Broad Brook Library – #ThursdayDoors

Broad Brook Library

When I was detoured into the center of Broad Brook a few weeks ago, I drove by a nondescript little building that had a sign that said “Broadbrook Library.” My first thought was that the building wasn’t big enough to be a library. Door-high hopes had me instantly thinking that this was the original library which has been carefully maintained by a town interested in preserving its history. Of course, I decided to get a few pictures to share for Thursday Doors.

Thursday Doors is a weekly blogfest, organized by Norm Frampton and staged from around the globe by door enthusiasts, every one of which understands what it means to pull off the side of the road to snag a few pictures. If you want to join us, or just see the doors we’re sharing, visit Norm’s site. If you have doors to share, Norm will have instructions.

I managed to get my pictures, but when I did my research, I was surprised to find that this little library is still in operation. It’s not well-funded, but it seems to have a healthy budget of heart and friendly support. The article I found from 2013 mentioned a minimal budget. The latest information I found said that in 2016, the town cut that budget to $0. The library continues with the help from volunteers. The library services have been provided free since 1919. The town funds a modern library in another village, but this little library keeps going.

77 thoughts on “Broad Brook Library – #ThursdayDoors

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    1. It does make me feel good that they manage to continue even after the town cut funding. The latest from the group of Scrooges running that town is that they cut funding the high school graduation in a facility that could let kids have 8-10 tickets and forced it into the gym where kids will only get 2-3 tickets. All to save $2,300. The kids are trying to raise the money to rent the other venue.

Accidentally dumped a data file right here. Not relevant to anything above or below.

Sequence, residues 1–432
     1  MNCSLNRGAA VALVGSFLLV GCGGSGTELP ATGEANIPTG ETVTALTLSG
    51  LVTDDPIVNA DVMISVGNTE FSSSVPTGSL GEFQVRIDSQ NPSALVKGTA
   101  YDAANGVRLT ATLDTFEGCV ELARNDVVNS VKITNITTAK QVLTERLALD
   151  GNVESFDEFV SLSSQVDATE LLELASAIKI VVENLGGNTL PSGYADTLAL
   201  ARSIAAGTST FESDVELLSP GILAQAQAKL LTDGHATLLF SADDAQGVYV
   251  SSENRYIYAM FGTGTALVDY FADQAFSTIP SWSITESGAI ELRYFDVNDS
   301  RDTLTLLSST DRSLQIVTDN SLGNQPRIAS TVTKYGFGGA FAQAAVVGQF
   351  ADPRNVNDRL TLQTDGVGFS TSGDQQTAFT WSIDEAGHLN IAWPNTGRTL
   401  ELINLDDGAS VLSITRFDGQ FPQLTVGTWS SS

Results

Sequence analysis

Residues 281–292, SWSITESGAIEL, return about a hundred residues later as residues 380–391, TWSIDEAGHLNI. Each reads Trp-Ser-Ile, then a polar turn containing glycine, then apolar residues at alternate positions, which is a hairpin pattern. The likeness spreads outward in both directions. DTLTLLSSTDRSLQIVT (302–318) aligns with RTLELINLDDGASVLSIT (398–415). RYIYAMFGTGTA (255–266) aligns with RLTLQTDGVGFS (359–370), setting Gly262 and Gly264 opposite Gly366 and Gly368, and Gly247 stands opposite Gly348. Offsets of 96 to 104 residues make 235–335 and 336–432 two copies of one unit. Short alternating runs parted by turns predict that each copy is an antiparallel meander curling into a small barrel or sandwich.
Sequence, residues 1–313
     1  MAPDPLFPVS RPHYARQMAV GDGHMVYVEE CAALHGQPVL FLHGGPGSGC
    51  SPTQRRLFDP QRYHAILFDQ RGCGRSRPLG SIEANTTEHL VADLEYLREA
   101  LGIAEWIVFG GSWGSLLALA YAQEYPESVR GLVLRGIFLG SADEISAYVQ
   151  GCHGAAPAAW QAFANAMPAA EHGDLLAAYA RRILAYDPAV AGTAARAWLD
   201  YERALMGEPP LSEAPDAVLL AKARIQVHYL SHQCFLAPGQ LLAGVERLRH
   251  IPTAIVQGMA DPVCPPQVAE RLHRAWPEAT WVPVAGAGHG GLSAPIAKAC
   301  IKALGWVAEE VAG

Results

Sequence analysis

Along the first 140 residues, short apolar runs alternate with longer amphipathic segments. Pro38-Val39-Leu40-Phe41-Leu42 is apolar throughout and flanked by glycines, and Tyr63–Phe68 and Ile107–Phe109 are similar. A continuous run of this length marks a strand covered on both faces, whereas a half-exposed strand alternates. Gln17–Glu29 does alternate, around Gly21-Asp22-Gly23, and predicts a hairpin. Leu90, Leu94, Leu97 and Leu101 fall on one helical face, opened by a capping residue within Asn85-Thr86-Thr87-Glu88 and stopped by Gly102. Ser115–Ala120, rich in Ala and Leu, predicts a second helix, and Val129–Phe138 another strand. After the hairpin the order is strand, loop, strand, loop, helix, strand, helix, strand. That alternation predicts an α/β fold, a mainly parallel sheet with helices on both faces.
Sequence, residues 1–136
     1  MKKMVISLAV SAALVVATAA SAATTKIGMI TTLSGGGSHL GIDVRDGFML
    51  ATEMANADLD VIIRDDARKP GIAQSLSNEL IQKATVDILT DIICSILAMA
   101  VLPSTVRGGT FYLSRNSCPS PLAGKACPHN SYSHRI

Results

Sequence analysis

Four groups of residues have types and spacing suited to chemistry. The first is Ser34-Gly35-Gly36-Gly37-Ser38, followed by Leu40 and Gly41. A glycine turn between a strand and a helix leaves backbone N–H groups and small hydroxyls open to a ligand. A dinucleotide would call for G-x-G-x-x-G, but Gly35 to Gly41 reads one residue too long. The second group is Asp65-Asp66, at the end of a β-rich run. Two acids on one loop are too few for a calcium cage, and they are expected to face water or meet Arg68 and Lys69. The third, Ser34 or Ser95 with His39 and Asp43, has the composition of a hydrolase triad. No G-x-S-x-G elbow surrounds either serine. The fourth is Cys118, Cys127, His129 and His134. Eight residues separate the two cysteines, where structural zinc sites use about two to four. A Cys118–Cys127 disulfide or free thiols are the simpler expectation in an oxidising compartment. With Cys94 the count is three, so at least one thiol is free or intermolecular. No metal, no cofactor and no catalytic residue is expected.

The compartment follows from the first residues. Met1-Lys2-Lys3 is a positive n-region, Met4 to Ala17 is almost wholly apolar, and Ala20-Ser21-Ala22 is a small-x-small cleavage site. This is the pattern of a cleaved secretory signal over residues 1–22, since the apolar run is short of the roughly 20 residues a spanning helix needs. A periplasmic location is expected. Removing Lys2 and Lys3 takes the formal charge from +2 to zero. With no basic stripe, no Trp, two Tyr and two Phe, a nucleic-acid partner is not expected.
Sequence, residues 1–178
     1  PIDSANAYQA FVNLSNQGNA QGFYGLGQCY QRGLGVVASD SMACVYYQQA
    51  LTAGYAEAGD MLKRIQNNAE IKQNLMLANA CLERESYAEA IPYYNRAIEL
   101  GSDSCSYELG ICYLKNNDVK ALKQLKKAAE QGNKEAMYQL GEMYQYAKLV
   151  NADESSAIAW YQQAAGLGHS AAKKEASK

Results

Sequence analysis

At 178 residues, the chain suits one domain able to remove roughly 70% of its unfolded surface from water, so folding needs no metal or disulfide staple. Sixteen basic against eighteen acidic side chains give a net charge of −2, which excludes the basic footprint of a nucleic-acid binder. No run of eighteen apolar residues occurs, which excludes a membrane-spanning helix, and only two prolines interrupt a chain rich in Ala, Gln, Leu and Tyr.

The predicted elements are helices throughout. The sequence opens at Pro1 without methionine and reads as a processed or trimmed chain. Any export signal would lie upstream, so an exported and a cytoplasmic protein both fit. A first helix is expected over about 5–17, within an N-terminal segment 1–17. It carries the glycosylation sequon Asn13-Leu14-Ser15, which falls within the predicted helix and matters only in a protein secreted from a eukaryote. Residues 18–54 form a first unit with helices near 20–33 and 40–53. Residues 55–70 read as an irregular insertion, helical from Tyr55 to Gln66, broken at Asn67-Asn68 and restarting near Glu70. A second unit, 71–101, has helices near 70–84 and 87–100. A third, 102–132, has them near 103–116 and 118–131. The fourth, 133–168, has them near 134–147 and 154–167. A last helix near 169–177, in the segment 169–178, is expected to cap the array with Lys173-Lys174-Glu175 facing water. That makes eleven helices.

Liked by 2 people

  1. Dan, a one hundred year old library with no funding and still open two days per week. Now, that’s a story. I wonder who pays the electricity and keeps the lawn mowed. Do they have children’s programs?Who are the volunteers? Did the statue have real life models? Now that you are retired, you can do better, dig deeper please! :-) Nice doors.

    Liked by 1 person

    1. They do have a children’s section, and they do manage to supply current titles. They say that Fiction has replaced non-Fiction as the leading category being requested. Local residents and businesses contribute money and time. They pay their part-time librarian and they keep the lights on and the building heated. The woman who was the librarian for 20 years has some health problems, but they hired a woman to fill in for her.

      The place seems to operate like any library in any town, just without any funding from the town.

      Liked by 1 person

  2. That’s amazing. We have those tiny libraries in villages around us but I’m sure they all have funding. I grew up with a tiny, cozy library down south that has been replaced by a massive modern library building. I’ve only been in it once.

    Liked by 1 person

  3. What a “feel good” story Dan. 100 years old and still supplying the residents with current publications despite no funding from the town. Volunteerism at its best. A community that actually comes together and takes care of itself.

    Great post! I can’t even imagine a town not having and supporting a local free library. It seems as vital to any community as a police station or firehouse or grocery store.
    🐾Ginger 🐾

    Liked by 1 person

    1. I’m glad you liked this Ginger.

      This town is strange. Their latest twist was to cut the $2,000 needed to rent a venue for graduation that’s large enough to give the kids 8-10 tickets. They will now hold graduation in the gym, where each kid can have 2-3 tickets (sorry Grandma). That was in retaliation for the town not approving the Board of Ed’s initial budget request. The kids are trying to raise the money on their own.

      About 20 years ago, this town wanted to merge its school system with ours. We voted that idea into the trash bin.


  4. What an uplifting story, Pete. We have a privately funded library in our town, existing by paid memberships. The services are free to residents and the speakers and programs they host are always wonderful. The door suits it, I think. And I, too, love the statue.

    Liked by 1 person

  5. God bless the little library and the people who keep it going. It makes my heart clench whenever I see libraries being shut down, or older, more quaint ones being moved into tiny little modern buildings (they’re currently trying to do that here in my town, and it will be an absolute travesty if they succeed).